Apr 24, 2018

Ink and single tone drawings okay. Twenty-something characters. Protagonist is female (author is male). Dialogue uninteresting, bitter tone, little storytelling.

lydia1879 Feb 03, 2018

This was a pleasant surprise that I picked up on a whim from the library.

What hooked me was a pink and black duochrome art style. The pink was neon and loud and I paused. Is this even readable? The colour was so loud, but I borrowed it just to see.

I deeply related to Corinna Park's story. She wants to be a writer but is writing copy for an advertising job. Stable jobs, no matter what they are, offer a lot to a lot of different people, but she feels unsatisfied with her life. I've felt that dissatisfaction too. When you're young, you tend to do that - to wonder if you've made the right choice a lot.

At times, this graphic novel was a little too real.

I saw where the author was going with the ending, but it felt a little abrupt. HOWEVER, the man illustrated it and wrote it himself and that is a mammoth of a job.

A quick read, and a nice palette-cleanser.

Nov 06, 2017

I usually like a story where nothing happens but this did not catch me. The art is pretty and well done; it is easy enough to read. Good use of color versus line work. But the story just kind of kept going, never really catching me.

Nov 05, 2015

The art is solid, though I'm not a big fan of pink. The story is pretty mundane, but does a good job of portraying the stupidity of mobile devices, social crap, and US city life. Makes me wish the character would burn down her neighborhood, but instead she uhhh buys some notebooks. Good but perhaps overrated.

May 28, 2015

I really liked the illustrations, but there's not much to the story here.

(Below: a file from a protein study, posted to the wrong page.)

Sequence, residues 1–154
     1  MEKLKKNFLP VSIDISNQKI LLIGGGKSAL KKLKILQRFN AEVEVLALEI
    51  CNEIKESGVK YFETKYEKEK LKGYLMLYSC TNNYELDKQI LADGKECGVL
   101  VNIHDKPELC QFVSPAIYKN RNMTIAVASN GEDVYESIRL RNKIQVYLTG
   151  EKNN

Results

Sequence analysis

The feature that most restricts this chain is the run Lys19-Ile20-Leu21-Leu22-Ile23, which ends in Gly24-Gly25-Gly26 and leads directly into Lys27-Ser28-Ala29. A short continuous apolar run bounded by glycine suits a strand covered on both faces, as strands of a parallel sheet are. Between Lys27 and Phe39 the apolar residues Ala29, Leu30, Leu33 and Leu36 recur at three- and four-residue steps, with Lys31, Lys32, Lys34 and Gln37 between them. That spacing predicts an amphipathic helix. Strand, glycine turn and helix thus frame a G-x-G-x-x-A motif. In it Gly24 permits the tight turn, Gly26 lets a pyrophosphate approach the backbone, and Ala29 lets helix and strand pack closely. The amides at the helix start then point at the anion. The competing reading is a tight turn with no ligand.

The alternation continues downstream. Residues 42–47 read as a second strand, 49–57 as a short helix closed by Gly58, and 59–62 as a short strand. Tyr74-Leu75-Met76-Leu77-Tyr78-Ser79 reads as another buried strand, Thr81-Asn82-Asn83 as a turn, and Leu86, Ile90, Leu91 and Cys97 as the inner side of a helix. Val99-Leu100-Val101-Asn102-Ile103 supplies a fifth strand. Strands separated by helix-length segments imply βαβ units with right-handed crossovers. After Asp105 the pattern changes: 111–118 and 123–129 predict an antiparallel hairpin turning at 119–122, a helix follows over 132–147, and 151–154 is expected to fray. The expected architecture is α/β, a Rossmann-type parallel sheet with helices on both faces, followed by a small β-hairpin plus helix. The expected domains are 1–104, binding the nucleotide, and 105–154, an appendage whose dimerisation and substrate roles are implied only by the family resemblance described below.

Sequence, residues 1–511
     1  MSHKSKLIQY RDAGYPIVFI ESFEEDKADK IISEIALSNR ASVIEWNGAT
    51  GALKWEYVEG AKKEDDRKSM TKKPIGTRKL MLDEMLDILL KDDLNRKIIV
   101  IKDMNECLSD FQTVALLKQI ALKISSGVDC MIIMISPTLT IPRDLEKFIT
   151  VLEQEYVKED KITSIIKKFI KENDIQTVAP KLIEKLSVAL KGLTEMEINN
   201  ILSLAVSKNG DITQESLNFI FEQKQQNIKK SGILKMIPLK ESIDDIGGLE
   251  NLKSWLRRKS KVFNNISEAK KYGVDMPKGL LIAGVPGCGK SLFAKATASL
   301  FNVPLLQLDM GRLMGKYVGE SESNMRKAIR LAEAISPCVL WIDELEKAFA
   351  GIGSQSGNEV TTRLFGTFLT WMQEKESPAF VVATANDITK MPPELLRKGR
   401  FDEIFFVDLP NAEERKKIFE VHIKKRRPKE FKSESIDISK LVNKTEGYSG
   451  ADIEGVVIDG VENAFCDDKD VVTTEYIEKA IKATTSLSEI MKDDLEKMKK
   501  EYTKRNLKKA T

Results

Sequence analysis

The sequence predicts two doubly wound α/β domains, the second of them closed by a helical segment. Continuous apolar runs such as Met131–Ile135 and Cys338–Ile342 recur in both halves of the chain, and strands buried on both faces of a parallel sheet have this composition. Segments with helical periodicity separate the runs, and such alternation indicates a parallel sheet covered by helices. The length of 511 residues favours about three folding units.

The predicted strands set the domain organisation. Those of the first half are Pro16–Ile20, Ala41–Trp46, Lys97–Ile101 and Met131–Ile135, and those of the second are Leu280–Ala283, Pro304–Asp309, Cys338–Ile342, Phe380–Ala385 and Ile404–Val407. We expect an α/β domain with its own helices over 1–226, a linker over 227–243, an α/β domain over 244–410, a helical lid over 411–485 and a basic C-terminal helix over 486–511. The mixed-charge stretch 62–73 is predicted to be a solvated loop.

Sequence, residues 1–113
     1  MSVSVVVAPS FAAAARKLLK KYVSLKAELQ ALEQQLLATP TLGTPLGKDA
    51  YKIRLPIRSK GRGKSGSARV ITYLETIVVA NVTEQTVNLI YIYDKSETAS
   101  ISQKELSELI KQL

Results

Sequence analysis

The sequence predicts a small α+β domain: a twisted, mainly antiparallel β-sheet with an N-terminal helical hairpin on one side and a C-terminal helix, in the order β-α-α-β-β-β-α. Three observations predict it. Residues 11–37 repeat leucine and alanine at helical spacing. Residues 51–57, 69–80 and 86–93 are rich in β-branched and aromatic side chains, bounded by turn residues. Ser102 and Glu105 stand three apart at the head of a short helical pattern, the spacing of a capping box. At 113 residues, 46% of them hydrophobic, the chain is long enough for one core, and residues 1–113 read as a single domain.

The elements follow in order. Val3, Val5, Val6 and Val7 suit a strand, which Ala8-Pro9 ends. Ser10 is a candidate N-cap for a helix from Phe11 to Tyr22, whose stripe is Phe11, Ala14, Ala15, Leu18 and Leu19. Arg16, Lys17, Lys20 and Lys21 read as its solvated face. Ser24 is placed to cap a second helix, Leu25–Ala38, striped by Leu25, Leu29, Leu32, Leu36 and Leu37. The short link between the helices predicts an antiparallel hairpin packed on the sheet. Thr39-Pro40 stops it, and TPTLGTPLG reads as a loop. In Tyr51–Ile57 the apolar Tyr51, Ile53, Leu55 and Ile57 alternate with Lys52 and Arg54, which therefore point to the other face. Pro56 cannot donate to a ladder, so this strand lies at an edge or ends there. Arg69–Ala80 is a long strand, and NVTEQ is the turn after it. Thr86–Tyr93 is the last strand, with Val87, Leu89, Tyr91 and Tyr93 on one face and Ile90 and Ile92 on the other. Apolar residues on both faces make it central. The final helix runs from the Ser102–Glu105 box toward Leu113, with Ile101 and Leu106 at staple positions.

Dec 13, 2014

This is a quick read but not because it's shallow in any way. The art and story really lend themselves into showing the disconnect between doing what you've been doing and making that jump into doing what you want. It's the boredom of the life you know you're better than and the wavering between continuing it and actually making the effort to make things better. Corrina is easy to identify with, her complacency in letting things go the way they have, and I only hope someday I can have her courage to move forward.

Adamrose36 Nov 25, 2014

Corrina Parks the heroine of this story is trying to find excitement in her life but instead of going out looking for it she waits for it. She would shoplift a magazine from around the corner store near her apartment to feel the satisfaction, and excitement her life is missing. In today's world not many people like working where they do but they keep the job because the pay is good, or they can't find something better. But does Shoplifting lifting really make you feel alive? Taking something you didn't have to pay for?

KateHillier Nov 12, 2014

A very timely release. An entire generation is going through something like this and that is probably where it's appeal ends. Corrina Park, our heroine, has been living in the big city for a few years now. She's an English major who works at an advertising agency - a job which she doesn't particularly like and can see herself getting stuck in. She's lost, disconnected, and every once in awhile she'll shoplift a magazine to bring that little bit of excitement to her life. This is more of a musing sort of story. The reader either can identify with Corrina or maybe knows someone that sounds like her; someone waiting for something to happen to her instead of going out and making it happen. As I said, very timely, and the art and colour scheme (simple drawings with just black, white, and pink as a scheme) give it that surreal quality that make you feel just as weighted down as Corrina does.